Rochelle D. Schwartz-Bloom
Professor Emeritus of Pharmacology & Cancer Biology
Dr. Schwartz-Bloom is a co-principal investigator for the National Science Foundation Phase II Noyce Fellowship program.
The Schwartz-Bloom laboratory has completed 18 years of research investigating novel pharmacologic approaches to prevent neuronal death caused by cerebral ischemia associated with cardiac arrest and stroke. The group studied how GABA neurotransmission dysfunction contributes to the death of hippocampal neurons after ischemia in vivo or in vitro. Dr. Schwartz-Bloom’s research program continued in the area of science education, which she started in 1996. Her science education research has included the development of novel science education curricular materials in the area of pharmacology to the K-12 and college community. One of the major programs that she developed is the Pharmacology Education Partnership (http://sites.duke.edu/thepepproject), a series of pharmacology- and drug abuse-related science education modules for high school biology and chemistry students. Testing of over 15,000 high school students has revealed that student performance in biology and chemistry improves when they use the pharmacology curriculum developed by her team. All of Dr. Schwartz-Bloom's science education research activities are found on her website for Raising Interest in Science Education, or RISE at http://sites.duke.edu/rise.
With funds provided by the Duke Provost in 2007, Dr. Schwartz-Bloom also established the Duke Center for Science Education, an umbrella for all Duke-related activities in science education. The Center helps to coordinate Duke faculty and student interests in curriculum development, research, and outreach activities in science education for the K-16 grades.
- Ph.D., Georgetown University 1983
Inglefield, J. R., et al. “Postischemic inhibition of GABA reuptake by tiagabine slows neuronal death in the gerbil hippocampus.” Hippocampus, vol. 5, no. 5, 1995, pp. 460–68. Pubmed, doi:10.1002/hipo.450050508. Full Text
Schwartz, R. D., et al. “Postischemic diazepam is neuroprotective in the gerbil hippocampus.” Brain Res, vol. 647, no. 1, May 1994, pp. 153–60. Pubmed, doi:10.1016/0006-8993(94)91411-7. Full Text
Schwartz, R. D., et al. “Bidirectional modulation of GABA-gated chloride channels by divalent cations: inhibition by Ca2+ and enhancement by Mg2+.” Journal of Neurochemistry, vol. 62, no. 3, Mar. 1994, pp. 916–22. Epmc, doi:10.1046/j.1471-4159.1994.62030916.x. Full Text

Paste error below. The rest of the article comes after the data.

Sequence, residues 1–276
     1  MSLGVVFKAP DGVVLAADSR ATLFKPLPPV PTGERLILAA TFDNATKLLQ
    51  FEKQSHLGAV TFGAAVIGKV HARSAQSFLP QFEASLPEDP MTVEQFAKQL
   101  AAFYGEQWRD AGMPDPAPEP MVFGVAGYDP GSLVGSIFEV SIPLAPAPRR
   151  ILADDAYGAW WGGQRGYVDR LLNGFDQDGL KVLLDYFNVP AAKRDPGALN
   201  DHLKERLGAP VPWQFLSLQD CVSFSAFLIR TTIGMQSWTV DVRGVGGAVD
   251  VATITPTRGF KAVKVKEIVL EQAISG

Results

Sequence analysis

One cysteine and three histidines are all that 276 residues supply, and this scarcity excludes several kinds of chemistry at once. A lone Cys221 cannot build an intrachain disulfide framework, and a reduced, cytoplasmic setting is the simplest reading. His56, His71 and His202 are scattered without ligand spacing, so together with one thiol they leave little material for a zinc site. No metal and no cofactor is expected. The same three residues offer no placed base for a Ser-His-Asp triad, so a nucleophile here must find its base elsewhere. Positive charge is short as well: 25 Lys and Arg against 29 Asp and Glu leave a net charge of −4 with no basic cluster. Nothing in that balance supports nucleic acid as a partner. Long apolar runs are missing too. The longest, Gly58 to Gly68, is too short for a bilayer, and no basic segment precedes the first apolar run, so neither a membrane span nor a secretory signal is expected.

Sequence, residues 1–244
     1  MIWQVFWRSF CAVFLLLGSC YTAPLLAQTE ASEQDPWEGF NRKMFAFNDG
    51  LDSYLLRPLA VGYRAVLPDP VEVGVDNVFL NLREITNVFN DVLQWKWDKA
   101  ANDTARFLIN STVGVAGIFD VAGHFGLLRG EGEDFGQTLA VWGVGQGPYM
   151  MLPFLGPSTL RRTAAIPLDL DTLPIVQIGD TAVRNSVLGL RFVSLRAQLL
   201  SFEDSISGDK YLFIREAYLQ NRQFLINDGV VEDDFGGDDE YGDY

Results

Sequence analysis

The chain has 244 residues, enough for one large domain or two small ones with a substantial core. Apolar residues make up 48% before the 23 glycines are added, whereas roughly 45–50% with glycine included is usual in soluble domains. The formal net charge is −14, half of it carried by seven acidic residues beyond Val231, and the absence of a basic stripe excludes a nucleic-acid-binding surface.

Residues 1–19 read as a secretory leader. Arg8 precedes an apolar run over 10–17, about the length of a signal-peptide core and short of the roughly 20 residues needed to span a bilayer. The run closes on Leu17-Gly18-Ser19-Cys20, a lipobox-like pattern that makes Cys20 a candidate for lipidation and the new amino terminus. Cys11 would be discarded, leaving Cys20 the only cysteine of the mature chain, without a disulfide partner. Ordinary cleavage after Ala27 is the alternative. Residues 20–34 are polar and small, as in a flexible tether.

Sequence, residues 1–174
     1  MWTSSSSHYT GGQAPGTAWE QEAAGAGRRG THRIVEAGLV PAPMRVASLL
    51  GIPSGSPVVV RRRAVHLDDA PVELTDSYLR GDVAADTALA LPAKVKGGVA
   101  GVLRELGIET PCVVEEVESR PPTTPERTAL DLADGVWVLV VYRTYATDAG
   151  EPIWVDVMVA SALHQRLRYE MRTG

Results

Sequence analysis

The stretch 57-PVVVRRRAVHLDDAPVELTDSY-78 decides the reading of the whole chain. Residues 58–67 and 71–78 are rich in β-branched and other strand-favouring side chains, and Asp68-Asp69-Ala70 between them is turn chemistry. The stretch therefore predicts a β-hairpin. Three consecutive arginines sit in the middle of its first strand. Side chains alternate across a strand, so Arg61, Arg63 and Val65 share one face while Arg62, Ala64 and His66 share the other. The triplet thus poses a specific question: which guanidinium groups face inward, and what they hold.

Schwartz, R. D., et al. “Erratum: Postischemic diazepam is neuroprotective in the gerbil hippocampus (Brain Research 647 (1994) (153-160)) (BRES 26140).” Brain Research, vol. 655, no. 1–2, Jan. 1994, pp. 279–80. Scopus, doi:10.1016/0006-8993(94)91629-2. Full Text
Li, H., et al. “Rapid decline of GABAA receptor subunit mRNA expression in hippocampus following transient cerebral ischemia in the gerbil.” Hippocampus, vol. 3, no. 4, Oct. 1993, pp. 527–37. Pubmed, doi:10.1002/hipo.450030412. Full Text
Schwartz, R. D., and X. Yu. “Inhibition of GABA-gated chloride channel function by arachidonic acid.” Brain Res, vol. 585, no. 1–2, July 1992, pp. 405–10. Pubmed, doi:10.1016/0006-8993(92)91246-b. Full Text
Edgar, P. P., and R. D. Schwartz. “Functionally relevant gamma-aminobutyric acidA receptors: equivalence between receptor affinity (Kd) and potency (EC50)?” Mol Pharmacol, vol. 41, no. 6, June 1992, pp. 1124–29.
Mileson, B. E., et al. “Alterations in the gamma-aminobutyric acid-gated chloride channel following transient forebrain ischemia in the gerbil.” J Neurochem, vol. 58, no. 2, Feb. 1992, pp. 600–07. Pubmed, doi:10.1111/j.1471-4159.1992.tb09761.x. Full Text
Schwartz, R. D., et al. “Cellular regulation of the benzodiazepine/GABA receptor: arachidonic acid, calcium, and cerebral ischemia.” Neuropsychopharmacology, vol. 6, no. 2, Feb. 1992, pp. 119–25.
Mileson, B. E., and R. D. Schwartz. “The use of locomotor activity as a behavioral screen for neuronal damage following transient forebrain ischemia in gerbils.” Neurosci Lett, vol. 128, no. 1, July 1991, pp. 71–76. Pubmed, doi:10.1016/0304-3940(91)90762-i. Full Text